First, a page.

Honda’s CB750 raised the bar so high when it was launched in 1969 that it changed the bike industry forever. Finally, a cheap, fast motorcycle with bulletproof reliability was a reality for riders.
The four was so successful that a number of new, smaller versions was a natural next step. The CB500 debuted in 1971, the CB350 in 1972, the CB 400 in 1974, and the CB550 Super Sports in 1975.
All models shared the same engine block but had different bores. The single overhead cam design was replaced across the range in 1979 by a DOHC unit, with only a single cam CB650 continuing until 1985 as the Nighthawk.
The smaller Honda fours are admirable designs with admirable performance. The 350/4 was capable of 97 mph, the Super Sport “F” models feature four-into-one pipes and the CB400F had a six-speed gearbox, though the others did not. All shared mechanical failings, however, that weren’t corrected until the 50-bhp CB550 (Blame Suzuki’s GT 550 for the extra 50 cc. Honda wasn’t going to lose any sales for 50 cc).
The public gradually warmed to the models, and sales reflect that. The CB350 sold 33,000 units, the CB400 34,000, the CB500 80,000 and the CB550 sold 135,000. All the bikes have 1970s styling cues and metal flake colors like Flake Sunrise Orange, Freedom Green Metallic or Candy Jade Green that would be equally at home on a Meyers Max dune buggy or a ski boat.
Though they are small, none of these bikes are ideal for beginners. The power comes on suddenly, and the single front disc brake is best described as wooden. It wasn’t drilled, and rain was a problem. The pad didn’t grab quite right until it warmed up, at which point it could grab and pitch the rider. Therefore, dual drilled discs are an ideal upgrade.
Tires are narrow, frames flex if the bikes are ridden hard, and head shake is easy to provoke. Forks are also tiny by modern standards. The CB350 units are only 31 mm and CB550 forks are 35 mm.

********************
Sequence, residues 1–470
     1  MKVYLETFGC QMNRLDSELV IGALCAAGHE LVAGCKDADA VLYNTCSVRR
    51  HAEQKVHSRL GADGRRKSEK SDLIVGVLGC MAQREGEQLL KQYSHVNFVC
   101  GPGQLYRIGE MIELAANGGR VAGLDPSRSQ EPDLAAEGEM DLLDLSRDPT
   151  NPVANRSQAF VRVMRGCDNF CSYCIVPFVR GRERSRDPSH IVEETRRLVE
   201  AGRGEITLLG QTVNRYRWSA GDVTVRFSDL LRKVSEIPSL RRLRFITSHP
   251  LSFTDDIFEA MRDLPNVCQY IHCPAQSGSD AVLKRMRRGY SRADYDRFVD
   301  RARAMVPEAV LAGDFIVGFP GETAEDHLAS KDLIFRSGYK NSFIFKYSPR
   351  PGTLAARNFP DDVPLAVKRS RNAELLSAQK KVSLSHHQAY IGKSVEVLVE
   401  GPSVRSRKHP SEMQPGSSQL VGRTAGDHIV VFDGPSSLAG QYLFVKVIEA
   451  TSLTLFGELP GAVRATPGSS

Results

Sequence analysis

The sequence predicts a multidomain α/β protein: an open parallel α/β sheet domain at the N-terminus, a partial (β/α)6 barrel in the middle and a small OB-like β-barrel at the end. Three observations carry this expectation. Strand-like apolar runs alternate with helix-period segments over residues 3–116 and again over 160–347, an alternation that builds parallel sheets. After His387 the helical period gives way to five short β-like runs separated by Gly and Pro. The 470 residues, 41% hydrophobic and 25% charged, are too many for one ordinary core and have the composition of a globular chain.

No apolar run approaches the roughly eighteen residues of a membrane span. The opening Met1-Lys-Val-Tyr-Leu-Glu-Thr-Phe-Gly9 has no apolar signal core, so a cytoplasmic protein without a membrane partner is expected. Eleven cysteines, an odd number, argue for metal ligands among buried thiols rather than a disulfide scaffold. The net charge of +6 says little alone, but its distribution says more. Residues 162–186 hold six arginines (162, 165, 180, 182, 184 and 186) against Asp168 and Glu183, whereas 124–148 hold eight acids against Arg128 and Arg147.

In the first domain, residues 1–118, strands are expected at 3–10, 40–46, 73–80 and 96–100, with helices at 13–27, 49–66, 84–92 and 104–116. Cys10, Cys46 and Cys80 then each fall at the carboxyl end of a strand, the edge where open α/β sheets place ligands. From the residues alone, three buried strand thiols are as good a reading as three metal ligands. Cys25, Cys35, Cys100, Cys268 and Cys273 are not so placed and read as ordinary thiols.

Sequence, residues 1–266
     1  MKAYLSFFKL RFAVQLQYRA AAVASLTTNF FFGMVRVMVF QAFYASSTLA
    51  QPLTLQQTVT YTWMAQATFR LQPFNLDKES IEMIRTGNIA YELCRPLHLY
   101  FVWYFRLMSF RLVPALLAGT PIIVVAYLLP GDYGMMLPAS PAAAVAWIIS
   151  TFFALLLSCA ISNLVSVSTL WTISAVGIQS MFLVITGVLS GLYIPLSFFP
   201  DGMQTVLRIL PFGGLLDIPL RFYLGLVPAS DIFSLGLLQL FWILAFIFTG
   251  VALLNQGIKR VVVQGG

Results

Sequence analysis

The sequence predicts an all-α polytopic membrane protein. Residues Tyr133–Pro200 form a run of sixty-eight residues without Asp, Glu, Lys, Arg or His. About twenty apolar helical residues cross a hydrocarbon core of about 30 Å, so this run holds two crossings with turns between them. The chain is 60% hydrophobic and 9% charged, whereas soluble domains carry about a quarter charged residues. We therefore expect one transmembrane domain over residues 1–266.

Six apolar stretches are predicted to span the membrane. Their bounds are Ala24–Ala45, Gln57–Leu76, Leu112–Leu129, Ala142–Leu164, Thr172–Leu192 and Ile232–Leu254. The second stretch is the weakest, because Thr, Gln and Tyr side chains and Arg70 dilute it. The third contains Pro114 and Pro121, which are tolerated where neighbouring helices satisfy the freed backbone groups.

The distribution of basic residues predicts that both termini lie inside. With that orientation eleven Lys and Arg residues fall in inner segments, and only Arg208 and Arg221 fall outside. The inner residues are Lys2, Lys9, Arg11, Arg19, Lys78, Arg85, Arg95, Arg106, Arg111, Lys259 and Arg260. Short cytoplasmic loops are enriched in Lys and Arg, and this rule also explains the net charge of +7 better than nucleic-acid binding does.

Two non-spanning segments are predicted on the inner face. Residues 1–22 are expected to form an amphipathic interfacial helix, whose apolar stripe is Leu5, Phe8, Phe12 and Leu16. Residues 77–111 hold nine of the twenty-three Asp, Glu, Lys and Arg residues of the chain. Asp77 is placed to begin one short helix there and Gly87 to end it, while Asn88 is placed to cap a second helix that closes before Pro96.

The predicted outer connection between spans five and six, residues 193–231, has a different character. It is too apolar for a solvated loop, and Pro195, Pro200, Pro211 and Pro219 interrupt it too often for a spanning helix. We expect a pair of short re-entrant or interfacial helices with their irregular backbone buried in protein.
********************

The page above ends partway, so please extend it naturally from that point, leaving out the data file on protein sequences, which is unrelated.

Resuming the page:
The CB550 introduced welcomed and vital design changes. It has bigger valves, the clutch basket was finally beefed up from the 350 unit, and the shift linkage improved so it would no longer jump out of second gear. The CB550’s clutch was moved to the right side, so a long rod wasn’t required to operate it. Clutch plates are stamped to retain oil, which mean there are divots on the other side that should be ground off. Pre-1976 rockers are just pressed onto the shaft and when the bore in the rocker box wears, the rockers can twist and rub the chrome off the cam follower. At best it is noisy, and at worst it eats the camshaft.
Exciter coils should be up-graded to 1977 units, along with a high output alternator, as earlier bikes do not charge the battery until 3,500 rpm. A solid state ignition is recommended and the original metal plug caps are notorious for shorting when wet.
With so many bikes built, spares are not a problem at all, although there are two notable exceptions. Honda discontinued the cam chain tensioner, and exhausts are known for rusting out.
Fork tubes can also rust, so check under the boot, by the lower triple clamp. Oil leaks around the head are usually due to oil passage o-rings and not the gasket, but pulling the head can be quite difficult.
The intimidating complexity of these bikes means it is vital to buy the best example available. All the 4-cylinder models are relatively affordable, but it’s wise to make sure to get all the badges and both side covers, as they aren’t available.